In the aftermath of the February Revolution, power was shared between the weak provisional government and the Petrograd Soviet. Then, on November 6 and 7, 1917 (or October 24 and 25 on the Julian calendar, which is why this event is also referred to as the October Revolution), radically leftist revolutionaries led by Bolshevik Party leader Vladimir Lenin, launched a nearly bloodless coup d’état (overturn, “golpe de estado”) against the provisional government. The Bolsheviks and their allies occupied strategic locations, such as government buildings, in Petrograd, and soon formed a new government with Lenin as its leader.
Lenin became the dictator of the first Marxist (from Karl Marx, considered the father of modern communist) state in the world. His government made peace with Germany, nationalized industry and distributed land, but in the beginning of 1918 had to fight a devastating civil war against anti-Bolshevik White Army forces. The anti-Bolsheviks were defeated in 1920, and in 1922 the Union of Soviet Socialist Republics (USSR) was established.

Mr. Pilkington:
leader of England, probably King George.
Mr. Whymper:
a capitalist who did business with the Soviet Union.
Mr. Frederick:
leader of Germany, Hitler mostly in the end.
Russian working class
: female working class
Russian upper or high class; White Army
the military and police
Bluebell, Jessie, Pincher:
classes that were left out or not favored by the communist (clergy, rural workers or farmers, ‘intelligentsia’ {cult people, involved in complex mental activities, intellectual} and other “non-labor union” types)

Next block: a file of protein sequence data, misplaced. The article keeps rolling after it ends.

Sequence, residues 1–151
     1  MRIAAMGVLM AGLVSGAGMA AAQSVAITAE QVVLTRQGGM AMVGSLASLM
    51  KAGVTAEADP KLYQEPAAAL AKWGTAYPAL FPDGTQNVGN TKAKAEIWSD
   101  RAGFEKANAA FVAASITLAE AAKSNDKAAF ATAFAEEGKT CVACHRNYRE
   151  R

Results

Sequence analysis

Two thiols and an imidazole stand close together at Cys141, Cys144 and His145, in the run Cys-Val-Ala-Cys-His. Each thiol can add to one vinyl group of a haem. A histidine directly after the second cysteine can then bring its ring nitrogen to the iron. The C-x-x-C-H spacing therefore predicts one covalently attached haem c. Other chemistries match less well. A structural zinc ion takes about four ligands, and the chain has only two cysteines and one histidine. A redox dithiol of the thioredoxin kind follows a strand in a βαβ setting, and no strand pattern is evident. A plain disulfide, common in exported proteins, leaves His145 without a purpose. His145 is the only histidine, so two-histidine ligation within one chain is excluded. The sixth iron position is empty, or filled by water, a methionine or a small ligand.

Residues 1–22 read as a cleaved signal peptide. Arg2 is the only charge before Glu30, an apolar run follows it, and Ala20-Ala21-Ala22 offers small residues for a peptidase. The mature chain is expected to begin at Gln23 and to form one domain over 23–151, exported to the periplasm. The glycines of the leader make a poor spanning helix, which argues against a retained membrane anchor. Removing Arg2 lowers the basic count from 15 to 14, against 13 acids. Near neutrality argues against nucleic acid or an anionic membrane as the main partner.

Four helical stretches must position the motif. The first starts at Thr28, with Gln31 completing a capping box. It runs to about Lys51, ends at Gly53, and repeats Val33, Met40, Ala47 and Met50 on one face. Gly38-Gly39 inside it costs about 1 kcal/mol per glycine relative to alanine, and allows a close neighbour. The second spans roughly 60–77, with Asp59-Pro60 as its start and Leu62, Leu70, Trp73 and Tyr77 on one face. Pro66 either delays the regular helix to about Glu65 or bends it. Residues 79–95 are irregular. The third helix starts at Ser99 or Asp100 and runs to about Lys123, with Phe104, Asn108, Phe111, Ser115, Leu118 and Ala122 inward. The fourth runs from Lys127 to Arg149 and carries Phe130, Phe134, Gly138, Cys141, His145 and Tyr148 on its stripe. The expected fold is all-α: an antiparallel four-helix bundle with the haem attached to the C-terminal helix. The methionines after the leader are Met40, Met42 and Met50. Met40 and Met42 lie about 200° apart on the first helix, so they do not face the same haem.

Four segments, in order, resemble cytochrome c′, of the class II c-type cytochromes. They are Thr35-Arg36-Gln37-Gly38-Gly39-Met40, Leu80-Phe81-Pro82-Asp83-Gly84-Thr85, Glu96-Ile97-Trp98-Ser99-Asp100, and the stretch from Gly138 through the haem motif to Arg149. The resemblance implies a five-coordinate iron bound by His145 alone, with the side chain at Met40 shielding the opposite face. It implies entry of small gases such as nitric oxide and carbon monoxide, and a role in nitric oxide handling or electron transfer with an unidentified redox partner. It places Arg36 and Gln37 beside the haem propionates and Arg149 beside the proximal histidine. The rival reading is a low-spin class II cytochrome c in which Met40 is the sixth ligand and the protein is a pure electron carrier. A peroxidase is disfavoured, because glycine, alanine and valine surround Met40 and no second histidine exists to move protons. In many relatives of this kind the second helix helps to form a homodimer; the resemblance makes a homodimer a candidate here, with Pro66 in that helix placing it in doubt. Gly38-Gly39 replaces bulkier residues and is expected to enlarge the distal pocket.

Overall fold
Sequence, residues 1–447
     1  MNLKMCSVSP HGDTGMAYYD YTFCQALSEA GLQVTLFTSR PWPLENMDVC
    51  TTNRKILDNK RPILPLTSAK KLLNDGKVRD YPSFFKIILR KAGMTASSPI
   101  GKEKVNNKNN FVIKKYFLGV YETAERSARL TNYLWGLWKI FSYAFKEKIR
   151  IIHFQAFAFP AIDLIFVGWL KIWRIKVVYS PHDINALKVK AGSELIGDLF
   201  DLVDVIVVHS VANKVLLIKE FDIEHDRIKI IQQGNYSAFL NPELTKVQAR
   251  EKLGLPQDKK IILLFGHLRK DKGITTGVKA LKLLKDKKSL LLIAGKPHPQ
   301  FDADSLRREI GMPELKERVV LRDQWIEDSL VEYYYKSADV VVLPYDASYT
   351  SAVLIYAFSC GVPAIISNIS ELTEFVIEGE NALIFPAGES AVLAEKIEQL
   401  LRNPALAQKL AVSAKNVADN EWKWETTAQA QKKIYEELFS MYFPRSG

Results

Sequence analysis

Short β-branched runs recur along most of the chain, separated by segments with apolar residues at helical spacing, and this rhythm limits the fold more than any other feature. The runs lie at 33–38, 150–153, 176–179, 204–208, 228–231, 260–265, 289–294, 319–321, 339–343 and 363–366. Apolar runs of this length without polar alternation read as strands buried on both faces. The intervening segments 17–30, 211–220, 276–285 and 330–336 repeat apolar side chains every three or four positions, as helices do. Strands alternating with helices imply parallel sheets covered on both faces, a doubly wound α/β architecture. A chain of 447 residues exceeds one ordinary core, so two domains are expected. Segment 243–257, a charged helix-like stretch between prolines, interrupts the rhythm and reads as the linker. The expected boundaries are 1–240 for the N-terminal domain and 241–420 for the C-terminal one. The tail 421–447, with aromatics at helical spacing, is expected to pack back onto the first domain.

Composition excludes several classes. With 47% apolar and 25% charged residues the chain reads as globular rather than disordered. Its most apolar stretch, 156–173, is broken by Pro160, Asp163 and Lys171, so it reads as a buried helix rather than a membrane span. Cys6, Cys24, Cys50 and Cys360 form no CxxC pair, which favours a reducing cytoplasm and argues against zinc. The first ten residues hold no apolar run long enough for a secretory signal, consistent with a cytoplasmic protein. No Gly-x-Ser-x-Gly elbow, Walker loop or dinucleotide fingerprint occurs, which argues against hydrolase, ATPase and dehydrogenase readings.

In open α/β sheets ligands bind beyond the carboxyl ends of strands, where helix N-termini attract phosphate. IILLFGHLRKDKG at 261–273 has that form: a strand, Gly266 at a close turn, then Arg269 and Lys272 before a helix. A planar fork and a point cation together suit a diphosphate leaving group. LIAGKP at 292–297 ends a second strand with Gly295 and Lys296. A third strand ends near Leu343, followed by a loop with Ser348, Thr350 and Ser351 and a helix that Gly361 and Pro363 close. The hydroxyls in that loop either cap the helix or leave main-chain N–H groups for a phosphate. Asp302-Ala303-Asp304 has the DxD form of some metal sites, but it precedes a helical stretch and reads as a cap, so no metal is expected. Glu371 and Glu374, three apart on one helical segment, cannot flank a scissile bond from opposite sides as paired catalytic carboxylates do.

the Russian Orthodox Church
peasant farms
represents the spread of the communism throughout the world – The “Communist World Revolution” or the Comitern.
Old Benjamin, the donkey:
Old men; The old times of Russia
the large masses.

Character Parallels
Main Characters
Joseph Stalin. Joseph Stalin (1878-1953) was the dictator of the Union of Soviet Socialist Republics (USSR) from 1929 to 1953. Under Stalin, the Soviet Union was transformed from a peasant society into an industrial and military superpower. However, he ruled by terror, and millions of his own citizens died during his brutal reign.

Leon Trotsky. Communist Leon Trotsky helped ignite the Russian Revolution of 1917, and built the Red Army afterward. He was exiled to Mexico and was later assassinated by a Soviet agent.

Old Major:
He appears to be a combination of Vladimir Lenin and Karl Marx.

the government propaganda newspaper
. Told the "truth" that suited the government.
Minor Characters
The conflicts and themes present in Animal Farm also appear in real life. Not just in the past but also in the present we find that abuse of power, dictatorships and totalitarian governments.This will also happen our future. Some dictators had good intentions in the beginning but after they possess power, they forget this intentions. Some dictators are not like this, they have their intentions very clear from the beginning.
Full transcript